‘Ships Log’ no. 3

So here we are then… Somewhere in the middle of the Atlantic Ocean, almost halfway to Antigua, in our ‘beautiful pea green boat’ Mrs Nelson (A.K.A ‘Nellie’).

Extreme hygiene Hygiene is certainly key to short term happiness out here, once a day or so teeth get brushed, hair plaited, boat scrubbed and rubbish rinsed for storage below deck, all executed as we pitch and roll over 20–30ft rollers. These waves are enormous, yet it’s not the big waves we have found to be the problem to date, the ones to watch out for are the sneaky little sideways lickers that creep up, pitch the boat off balance and spit all over contents and crew, leaving everything and everyone completely drenched (often moments before it’s time to retreat back into the already damp cabin at the end of each rowing shift).

Small comforts for me today include one bag of chocolate raisins from mum, one fresh white cotton t-shirt smelling of soap (pure joy), a small bag of lavender wrapped in a silk scarf  to induce relaxation, and a slice of polyester cut from my seat, releasing pressure from sores threatening to blemish my (so far) surprisingly pimple free bottom.

Rowing at night is either wonderful or horrific. Nights that begin with the sunset behind moonrise ahead and colossal westerly rolling swells are the bestest… reflections streak across the blackened sea for miles, with liquid silver flecks dancing along a glistening beam connecting moon and boat. I find myself disappointed on nights like this to give up my rowing seat and swap with Bella.

One night Bell’s woke me as usual by singing my name through the cabin door whilst rowing the final strokes of her past 2 hr shift… this is my 10 minute warning to get on the oars. Croaking back to assure her i’m awake, I switch on the dim cabin lights and try to move my aching limbs. Getting up, I roll into the cabin wall as we lurch over a wave, get my shit together and squeeze through the hatch door to join the girls on deck. No moon tonight, this saddens me as it is undoubtedly one of the coolest things to see mid-ocean, however, what came next was even better. If daytime at sea is amazing… Night-time is when the real magic happens. My eyes adjust and within minutes I’m transfixed by a dense twinkling tapestry, carpeting the sky above.

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Not one of our photos (yes I lost the GoPro overboard on day 1)


Millions and squllions of stars arching around our little boat in an enormous dome… stars so bright that they create their own light halo through passing clouds.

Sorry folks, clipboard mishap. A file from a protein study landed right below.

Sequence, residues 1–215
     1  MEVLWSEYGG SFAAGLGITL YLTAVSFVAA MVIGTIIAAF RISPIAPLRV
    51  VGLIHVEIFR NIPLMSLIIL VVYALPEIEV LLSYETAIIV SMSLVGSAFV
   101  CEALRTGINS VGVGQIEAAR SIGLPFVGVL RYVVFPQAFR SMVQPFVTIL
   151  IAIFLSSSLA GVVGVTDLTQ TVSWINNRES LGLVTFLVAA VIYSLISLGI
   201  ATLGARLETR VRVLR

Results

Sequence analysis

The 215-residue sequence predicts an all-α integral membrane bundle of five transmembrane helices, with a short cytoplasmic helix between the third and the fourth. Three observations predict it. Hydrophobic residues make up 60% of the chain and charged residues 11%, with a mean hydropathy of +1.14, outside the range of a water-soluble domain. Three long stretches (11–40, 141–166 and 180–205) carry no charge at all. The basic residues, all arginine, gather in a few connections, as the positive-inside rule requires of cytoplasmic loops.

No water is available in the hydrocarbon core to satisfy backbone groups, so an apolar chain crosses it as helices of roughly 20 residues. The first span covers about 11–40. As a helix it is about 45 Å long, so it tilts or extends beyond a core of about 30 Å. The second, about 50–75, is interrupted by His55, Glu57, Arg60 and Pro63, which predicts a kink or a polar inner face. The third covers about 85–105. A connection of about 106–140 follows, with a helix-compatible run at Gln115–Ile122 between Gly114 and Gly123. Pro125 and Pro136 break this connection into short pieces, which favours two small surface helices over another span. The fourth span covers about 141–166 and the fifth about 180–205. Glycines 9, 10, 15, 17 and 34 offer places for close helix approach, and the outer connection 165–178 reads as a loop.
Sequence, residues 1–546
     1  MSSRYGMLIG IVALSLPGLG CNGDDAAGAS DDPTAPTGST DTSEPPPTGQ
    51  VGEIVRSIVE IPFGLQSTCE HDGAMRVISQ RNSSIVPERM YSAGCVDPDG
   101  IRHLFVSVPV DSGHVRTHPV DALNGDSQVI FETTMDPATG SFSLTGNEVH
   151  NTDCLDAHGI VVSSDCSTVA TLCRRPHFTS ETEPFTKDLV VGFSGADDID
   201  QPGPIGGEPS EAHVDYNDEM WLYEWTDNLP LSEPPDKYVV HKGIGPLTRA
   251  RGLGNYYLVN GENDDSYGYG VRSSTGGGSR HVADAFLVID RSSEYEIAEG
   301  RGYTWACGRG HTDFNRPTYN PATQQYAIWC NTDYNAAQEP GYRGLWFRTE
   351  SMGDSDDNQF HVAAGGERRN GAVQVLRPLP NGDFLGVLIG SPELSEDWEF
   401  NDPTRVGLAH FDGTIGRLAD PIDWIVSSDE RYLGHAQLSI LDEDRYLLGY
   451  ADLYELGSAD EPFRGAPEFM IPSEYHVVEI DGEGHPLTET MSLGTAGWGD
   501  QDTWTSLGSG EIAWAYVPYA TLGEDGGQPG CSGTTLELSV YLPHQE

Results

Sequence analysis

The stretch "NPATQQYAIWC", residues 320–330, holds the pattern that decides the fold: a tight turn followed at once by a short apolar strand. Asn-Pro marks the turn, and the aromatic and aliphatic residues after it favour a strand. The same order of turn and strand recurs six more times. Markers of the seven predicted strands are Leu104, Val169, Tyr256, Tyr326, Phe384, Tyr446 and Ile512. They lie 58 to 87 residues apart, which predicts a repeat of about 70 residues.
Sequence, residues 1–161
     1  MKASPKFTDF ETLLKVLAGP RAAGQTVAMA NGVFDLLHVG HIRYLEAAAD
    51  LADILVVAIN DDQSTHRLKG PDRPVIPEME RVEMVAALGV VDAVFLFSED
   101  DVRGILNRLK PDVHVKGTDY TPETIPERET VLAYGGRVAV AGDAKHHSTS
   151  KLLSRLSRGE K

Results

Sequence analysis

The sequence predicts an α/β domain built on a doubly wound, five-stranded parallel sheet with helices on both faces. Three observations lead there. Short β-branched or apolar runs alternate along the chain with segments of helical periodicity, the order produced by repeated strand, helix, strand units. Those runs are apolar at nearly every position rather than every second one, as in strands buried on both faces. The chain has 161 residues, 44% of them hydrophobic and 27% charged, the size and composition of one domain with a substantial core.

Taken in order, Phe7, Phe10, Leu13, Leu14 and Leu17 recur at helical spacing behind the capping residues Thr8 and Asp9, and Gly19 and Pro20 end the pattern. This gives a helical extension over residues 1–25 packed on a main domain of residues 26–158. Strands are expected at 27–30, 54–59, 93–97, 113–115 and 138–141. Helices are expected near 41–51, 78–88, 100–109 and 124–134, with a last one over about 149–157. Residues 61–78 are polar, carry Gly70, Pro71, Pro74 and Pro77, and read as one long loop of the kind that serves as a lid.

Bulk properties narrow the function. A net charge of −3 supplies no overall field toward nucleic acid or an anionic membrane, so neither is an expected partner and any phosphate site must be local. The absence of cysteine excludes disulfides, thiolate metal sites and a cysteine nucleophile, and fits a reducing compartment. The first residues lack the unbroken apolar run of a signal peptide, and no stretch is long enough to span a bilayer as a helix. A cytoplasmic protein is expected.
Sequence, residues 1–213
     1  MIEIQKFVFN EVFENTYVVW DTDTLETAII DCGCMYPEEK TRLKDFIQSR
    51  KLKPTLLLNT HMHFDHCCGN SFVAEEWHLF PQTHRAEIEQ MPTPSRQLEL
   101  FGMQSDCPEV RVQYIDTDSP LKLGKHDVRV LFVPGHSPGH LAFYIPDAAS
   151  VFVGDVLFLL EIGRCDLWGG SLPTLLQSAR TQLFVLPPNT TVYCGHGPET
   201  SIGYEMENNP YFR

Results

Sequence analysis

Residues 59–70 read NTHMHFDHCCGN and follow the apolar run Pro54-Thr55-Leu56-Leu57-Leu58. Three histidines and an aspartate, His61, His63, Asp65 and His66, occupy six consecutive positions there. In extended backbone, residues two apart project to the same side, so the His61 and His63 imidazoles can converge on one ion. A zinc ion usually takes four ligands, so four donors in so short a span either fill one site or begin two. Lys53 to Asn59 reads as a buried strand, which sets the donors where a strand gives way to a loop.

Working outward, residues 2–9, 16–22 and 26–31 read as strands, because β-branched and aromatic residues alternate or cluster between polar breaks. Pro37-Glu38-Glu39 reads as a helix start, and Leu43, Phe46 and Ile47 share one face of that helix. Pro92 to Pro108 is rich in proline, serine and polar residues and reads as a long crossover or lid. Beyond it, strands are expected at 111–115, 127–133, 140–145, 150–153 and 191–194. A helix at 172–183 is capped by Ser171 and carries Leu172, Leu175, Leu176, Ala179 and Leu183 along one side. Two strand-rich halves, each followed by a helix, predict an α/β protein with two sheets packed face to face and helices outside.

It’s these moonless black nights that can be the most disconcerting too as I can’t see Gee rowing in front of me which increases chances of blades getting smashed as rhythm is lost. I sometimes just about make out the silhouette of her right elbow against the light of the digital deck repeater, set in the slanted carbon-fibre that makes up the front wall of the aft-cabin. Every now and then this little digital screen, which normally sits about eye level with me, will rise up way above my head as the bow of the boat is lifted by a wave, both exciting and and terrifying, especially as it’s too dark to see. One wave was so powerful, it lifted the boat like a toy as we travelled down its face at 18kts (we normally travel at an average of 3kts) spinning us in a complete 360, and sending the auto helm into a tantrum.

Other times a wave will catch us completely off guard by lifting the boat from the side before suddenly dropping it again, a similar sensation to riding a horse when the creature decides to drop its front shoulder to dislodge the rider from its back… when this happens, it leaves one chucked from their seat with loose oars digging awkwardly into hips and shins, this hurts.

There are also those nights that never seem to end, so often I have fallen asleep on the oars and ‘crunch’ the blades nip the top of a wave and send the wooden handles straight back into my shins. Every morning the deck reveals the carnage from the night before, in the form of a sort of chocolate bar massacre, with sprinkles of broken Twirl Bars and wrappers from confectionery we scoff to keep ourselves awake in the wee hours.

Funnies: – you literally can’t make this stuff up:

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  • New years eve photo preparations had Lauren balancing precariously with a pot of gold glitter at the front of the boat trying to apply it to her face in less than calm waters… suddenly her stance changes into that of Bambi and “POOF” the glitter went everywhere – all over the boat, skin sores and food leaving us all bent doubled in chronic laughter.
  • Gee leaning over Mortsy to adjust the Efoy settings in the cabin, wearing nothing other than a pair of trainers and socks. As she leant into the cabin, Lauren was left to row face first right up her arse crack; after which a wave jolts the boat and sends Gee falling back, bare-buttocked, on Lauren’s shoulder.
  • Bella, naked as the day she was born, bar a pair of sunglasses… comes out on-deck, prances down the boat, sprawls elegantly in-between myself and Gee rowing, and continues to soak up the midday sunshine whilst tucking into a chilli con Carne ration food pack. She looked like some sort of nude vision from a post-modern Botticelli – ‘The Birth of Bella’.
  • Gee was hit in the head by a flying fish last night (she is terrified of fish), you had to be there.
  • Lauren and myself cleaning the underside of the boat on a calm day – stitches of laughter – video of this to be shown on our return.

Happy New Year to all, thanks for all the lovely emails and messages… keep them coming through, especially of fun life back at home! 

Love Olivia

 

Read more from our rowing escapade here, with written accounts from the boat from all four of us.

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